Just Dogs Training
Gina Lyn Hayes
Just Dogs Training
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Excerpts from I'm Really Just Your Dog Trainer, Marriage Counselor, Child Psychologist, ... Book.....
Common Musings
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Have A Safe Walk with Your Companion!
How To Pick A Dog Trainer
The 3 Personallity Types
Excerpts from I'm Really Just Your Dog Trainer, Marriage Counselor, Child Psychologist, ... Book.....


Have A Safe Walk with Your Companion Dog!
Reality stinks sometimes. This is such a different world we live in than the one I grew up in. Back in my rural upbringing, if an aggressive dog challenged me or anyone I knew – it was more than likely that that dog would have been shot. It was simply understood that human life was more valuable and aggression would not be tolerated. Breeders did not breed aggressive dogs as there were no buyers. Stable temperaments and dogs who could work, were the norm. Nor did everyone buy dogs – most people didn’t. People seem to assume nowadays that they have come up with something new, because they rescued a dog and not purchased it – not so true, folks. People have been rescuing dogs for many generations.  
But I digress and selecting a dog is another chapter. 
How to keep yourself and your dog safe when out walking or playing in a park – is this chapter’s subject. There is no 100% safe anything in our world today – but let’s take some time and look at common sense suggestions that might help us.
First- if you take your dog to a dog park:
1)      Go at a time when you have gotten to know other dog owners and their dogs. Stop and think about the whole subject of dog parks. Even though I do not like to “humanize” dog issues, I’ll draw a little picture for you. This actually comes from a good friend of mine, a great trainer in Long Island by the name of Allison Denlea. 
Say you are driving along the Cross Bronx Expressway in New York, on your way to a Thanksgiving celebration with family in Staten Island. You see a group of children in the distance playing. They appear to be about the same age as your children who are safely belted in the back seat. You get off the CBE, and jump out of your car, with your children in tow, and say “Go play and have a good time”. Would you do that? Most likely, NOT! It doesn’t make much sense.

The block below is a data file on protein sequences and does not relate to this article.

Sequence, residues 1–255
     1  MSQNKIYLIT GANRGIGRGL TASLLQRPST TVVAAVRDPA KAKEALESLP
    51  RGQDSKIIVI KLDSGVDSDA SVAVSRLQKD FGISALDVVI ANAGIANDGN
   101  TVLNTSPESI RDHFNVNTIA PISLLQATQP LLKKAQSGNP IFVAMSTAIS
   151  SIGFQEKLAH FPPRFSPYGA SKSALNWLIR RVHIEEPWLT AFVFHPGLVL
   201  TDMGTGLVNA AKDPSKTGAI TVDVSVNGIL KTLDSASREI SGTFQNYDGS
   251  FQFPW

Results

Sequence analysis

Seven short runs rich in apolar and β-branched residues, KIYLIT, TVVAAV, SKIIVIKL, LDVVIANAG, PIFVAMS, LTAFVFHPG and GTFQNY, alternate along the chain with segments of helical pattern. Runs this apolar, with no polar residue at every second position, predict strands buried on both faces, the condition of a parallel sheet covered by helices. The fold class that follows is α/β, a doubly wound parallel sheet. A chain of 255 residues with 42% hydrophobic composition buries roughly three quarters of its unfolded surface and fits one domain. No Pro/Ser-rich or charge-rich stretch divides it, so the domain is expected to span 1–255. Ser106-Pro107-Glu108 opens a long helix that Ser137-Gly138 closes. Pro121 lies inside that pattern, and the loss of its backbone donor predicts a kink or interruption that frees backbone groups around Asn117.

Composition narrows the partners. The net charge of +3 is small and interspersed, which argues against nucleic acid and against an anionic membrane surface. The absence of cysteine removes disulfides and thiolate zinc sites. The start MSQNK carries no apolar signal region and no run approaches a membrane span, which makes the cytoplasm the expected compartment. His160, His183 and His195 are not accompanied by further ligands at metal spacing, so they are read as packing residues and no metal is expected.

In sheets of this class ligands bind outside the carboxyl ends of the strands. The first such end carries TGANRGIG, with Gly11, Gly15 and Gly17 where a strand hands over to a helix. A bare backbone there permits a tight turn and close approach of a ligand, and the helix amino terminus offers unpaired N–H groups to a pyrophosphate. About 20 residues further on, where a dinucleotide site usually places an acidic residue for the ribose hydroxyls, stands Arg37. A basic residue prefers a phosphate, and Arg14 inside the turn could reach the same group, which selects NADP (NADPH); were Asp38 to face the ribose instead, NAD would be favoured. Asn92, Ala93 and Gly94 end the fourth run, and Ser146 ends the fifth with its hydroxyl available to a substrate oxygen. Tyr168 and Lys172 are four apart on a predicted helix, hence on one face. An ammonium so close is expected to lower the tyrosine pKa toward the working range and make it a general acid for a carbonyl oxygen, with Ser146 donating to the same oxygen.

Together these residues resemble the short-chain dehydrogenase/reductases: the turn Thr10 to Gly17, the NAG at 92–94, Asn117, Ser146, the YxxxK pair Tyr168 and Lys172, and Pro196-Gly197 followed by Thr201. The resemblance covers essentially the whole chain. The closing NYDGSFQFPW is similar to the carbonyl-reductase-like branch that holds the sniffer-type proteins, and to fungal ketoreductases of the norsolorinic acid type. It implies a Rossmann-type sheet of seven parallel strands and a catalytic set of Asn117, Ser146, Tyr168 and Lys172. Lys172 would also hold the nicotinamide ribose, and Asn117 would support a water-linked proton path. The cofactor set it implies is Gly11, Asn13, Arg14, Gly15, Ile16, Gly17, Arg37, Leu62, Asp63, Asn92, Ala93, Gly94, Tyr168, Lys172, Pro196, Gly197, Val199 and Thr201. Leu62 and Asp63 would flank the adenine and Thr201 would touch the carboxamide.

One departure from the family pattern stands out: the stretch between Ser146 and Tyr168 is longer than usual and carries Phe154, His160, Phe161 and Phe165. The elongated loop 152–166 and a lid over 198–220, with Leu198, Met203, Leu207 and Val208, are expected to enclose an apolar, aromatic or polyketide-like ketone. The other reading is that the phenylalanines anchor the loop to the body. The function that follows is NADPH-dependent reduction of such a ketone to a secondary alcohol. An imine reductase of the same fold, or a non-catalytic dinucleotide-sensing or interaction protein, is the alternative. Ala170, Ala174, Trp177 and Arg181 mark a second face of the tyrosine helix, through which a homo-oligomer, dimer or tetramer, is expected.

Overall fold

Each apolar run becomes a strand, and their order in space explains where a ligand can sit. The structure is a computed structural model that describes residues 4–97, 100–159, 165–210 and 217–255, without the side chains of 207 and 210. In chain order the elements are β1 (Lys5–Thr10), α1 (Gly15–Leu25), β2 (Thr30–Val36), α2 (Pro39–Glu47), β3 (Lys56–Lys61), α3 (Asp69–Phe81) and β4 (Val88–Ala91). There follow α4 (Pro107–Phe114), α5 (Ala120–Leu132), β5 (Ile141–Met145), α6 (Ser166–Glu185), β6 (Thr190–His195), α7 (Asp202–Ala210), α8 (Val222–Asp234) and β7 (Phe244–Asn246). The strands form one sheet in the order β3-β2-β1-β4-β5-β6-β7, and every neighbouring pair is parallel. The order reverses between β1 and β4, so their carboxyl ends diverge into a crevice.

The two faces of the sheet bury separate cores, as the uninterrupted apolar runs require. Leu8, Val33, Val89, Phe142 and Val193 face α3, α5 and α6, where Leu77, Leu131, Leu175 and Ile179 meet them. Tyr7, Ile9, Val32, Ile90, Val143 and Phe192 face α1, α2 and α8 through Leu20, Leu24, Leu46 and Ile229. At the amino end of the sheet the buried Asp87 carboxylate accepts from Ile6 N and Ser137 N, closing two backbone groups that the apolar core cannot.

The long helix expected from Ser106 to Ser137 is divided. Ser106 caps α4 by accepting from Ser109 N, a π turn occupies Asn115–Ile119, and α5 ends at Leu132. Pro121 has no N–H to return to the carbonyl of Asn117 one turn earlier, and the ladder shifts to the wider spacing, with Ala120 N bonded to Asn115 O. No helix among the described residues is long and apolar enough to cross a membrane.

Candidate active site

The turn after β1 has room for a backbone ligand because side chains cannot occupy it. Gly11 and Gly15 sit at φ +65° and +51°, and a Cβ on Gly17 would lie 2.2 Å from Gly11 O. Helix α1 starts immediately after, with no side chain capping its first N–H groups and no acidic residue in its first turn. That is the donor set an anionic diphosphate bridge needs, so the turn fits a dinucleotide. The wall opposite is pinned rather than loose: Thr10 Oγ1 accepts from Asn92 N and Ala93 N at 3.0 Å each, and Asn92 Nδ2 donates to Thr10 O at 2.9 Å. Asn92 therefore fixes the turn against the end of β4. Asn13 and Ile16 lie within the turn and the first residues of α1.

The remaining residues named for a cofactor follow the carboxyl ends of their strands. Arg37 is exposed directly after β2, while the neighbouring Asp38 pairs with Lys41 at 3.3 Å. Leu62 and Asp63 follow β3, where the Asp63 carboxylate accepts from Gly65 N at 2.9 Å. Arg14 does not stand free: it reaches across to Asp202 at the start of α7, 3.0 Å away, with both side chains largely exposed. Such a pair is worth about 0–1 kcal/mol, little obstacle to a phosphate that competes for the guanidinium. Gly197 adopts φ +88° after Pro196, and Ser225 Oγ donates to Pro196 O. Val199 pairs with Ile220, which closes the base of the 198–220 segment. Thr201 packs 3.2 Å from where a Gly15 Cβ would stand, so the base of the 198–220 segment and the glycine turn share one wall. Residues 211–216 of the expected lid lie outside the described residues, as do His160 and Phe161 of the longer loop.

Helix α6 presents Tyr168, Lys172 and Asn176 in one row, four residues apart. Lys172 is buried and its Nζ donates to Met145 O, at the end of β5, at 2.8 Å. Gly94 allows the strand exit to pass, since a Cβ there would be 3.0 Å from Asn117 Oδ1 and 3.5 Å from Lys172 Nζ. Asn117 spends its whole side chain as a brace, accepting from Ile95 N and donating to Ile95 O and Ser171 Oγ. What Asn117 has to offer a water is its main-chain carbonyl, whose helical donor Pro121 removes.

But that is what you do when you go unprepared to dog parts. You know nothing about the dogs who are there, the owners, the dogs’ vaccinations, temperaments, training.   You let your beloved pet loose and say “Go have fun, Fido!” Would I or many other professional dog experts do this with our dogs? Not so much.
However, ask me if I have ever done this before and I will admit - YES!
Years ago on Cape Cod, I used to visit a beautiful place called Thompson’s Field. It was so many acres of natural Cape Cod glorious beauty but because of one awful dog owner, I quit going.
Between the trails, woods, and fields – it was a glorious place to take a dog for a wonderful romp. I didn’t want to socialize while I was there – I just wanted a place to take my dogs for a run. 
My own personal demo, training, service, therapy dog – was bitten twice in two weeks by the same dog – AS WE WERE JUST WASLKING BY! There was no playing or interaction, but the same Lab/German Shepherd X felt the need to run up to my dog two different times and bite her. I have soft tempered dogs, Irish Setters, and to see your dog cower and scream – is heartbreaking.
BUT, to hear the owner of that dog say (and I will never forget the words) “Don’t worry about it. That is how he greets every new dog. He is an Alpha and he is letting your dog know he is the Leader of the Pack”.
First, he isn’t an Alpha. And second, he is not the Leader of the Pack- because there ISN’T one! The owner tried to state that it was a temporary pack. Nope – no such thing. AghHHHHHHH!
So after that incident, I worked on trying to protect my dog and myself more in situations such as these. I believe in being pro-active, rather than reactive, if I can (I’m not perfect and sometimes I just get frustrated with ignorant dog owners who jeopardize the safety of others. When that happens, I apologize to everyone, but if you have ever had your dog attacked, you have a better understanding).
   2)      I developed the Safe Dog Stance which I suggest you read carefully. It’s actually a very easy position to learn and use. I have had numerous dog owners tell me they used it and believe it may have saved their dog from harm. I myself, had an occasion to test it a few years ago in Dennis Port. I was walking my dog, Ruby, (the same one) through a parking lot. She was off leash trained, but right beside me, heeling.